The Modern Language Association's "Style Manual and Guide to Scholarly Publishing" outlines a method for citing references when writing an academic paper. The MLA style uses in-text citations, in which the reference appears within the document itself rather than in a footnote or endnote. The reference directs the reader to more complete information in the works cited section of the paper. When citing a book or article, this reference consists of the author and date of the work. Citing a film is equally easy, but the procedure is slightly different.
Things You'll Need
- Writing materials
- Film information
Collect information on the film you're going to cite. You will need to know the title, director, studio and year of release. If you intend to refer to any of the film's perfomances, also note the names of the actors to whom you want to refer.
Insert a reference to the film into your work. Don't insert a parenthetical citation as you would for a book, but instead mention the work in the text itself as you discuss it.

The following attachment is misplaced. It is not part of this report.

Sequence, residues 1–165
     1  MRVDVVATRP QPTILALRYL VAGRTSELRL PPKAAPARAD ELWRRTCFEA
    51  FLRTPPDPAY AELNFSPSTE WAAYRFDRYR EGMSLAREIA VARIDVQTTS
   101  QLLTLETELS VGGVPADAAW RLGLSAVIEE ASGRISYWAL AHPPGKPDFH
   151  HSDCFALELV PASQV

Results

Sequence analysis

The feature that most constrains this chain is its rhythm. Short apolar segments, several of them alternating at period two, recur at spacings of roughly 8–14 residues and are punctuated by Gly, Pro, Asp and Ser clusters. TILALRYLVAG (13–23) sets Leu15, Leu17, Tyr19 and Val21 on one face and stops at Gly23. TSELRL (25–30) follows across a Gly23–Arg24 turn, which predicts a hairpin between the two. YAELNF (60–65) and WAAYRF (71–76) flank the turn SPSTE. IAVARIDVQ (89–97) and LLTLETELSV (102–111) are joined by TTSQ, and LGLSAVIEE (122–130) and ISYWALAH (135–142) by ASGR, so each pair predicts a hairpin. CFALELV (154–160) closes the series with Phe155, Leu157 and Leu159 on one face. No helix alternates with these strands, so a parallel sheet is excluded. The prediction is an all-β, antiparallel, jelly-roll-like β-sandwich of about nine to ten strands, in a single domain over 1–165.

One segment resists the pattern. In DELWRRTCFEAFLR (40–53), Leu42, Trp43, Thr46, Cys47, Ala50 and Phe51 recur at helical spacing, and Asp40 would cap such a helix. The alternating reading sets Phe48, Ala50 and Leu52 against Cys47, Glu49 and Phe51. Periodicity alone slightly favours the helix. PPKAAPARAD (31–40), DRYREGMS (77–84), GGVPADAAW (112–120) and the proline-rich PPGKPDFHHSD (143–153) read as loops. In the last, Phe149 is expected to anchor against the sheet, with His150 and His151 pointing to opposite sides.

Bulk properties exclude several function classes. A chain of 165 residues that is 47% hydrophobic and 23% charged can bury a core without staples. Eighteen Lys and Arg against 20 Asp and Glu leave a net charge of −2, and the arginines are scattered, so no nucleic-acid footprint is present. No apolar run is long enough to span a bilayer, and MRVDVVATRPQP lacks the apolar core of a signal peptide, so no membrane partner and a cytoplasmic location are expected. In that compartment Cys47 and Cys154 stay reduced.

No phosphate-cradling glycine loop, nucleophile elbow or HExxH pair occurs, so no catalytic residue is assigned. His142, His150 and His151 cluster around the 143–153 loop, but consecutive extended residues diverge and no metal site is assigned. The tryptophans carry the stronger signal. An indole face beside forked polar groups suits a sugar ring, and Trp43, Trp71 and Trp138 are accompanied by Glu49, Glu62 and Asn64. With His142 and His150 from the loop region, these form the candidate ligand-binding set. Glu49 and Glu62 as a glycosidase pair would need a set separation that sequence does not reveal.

Identify the "signal phrase" in your discussion of the film. Did you refer to the film title or director first? This will determine how you format your works cited entry.
Add a reference to the film to your works cited section. The format of this reference depends on how you referred to the film in your text. If you referred to it by the title, format it with the title first in italics, ending with a period. After the title, write "Dir." followed by the director's name and another period. If you intend to cite performances, write "Perf." and then list the names of the actors and separate them with a comma. End with a period. List the studio followed by a comma and the date of production and end with another period. List the format you used to view the work: Film, DVD, Video or another medium. If you referred to the film first by the director's name, switch the positions of the director and title. The director's name should appear last name first. For example, "Cameron, James, dir."
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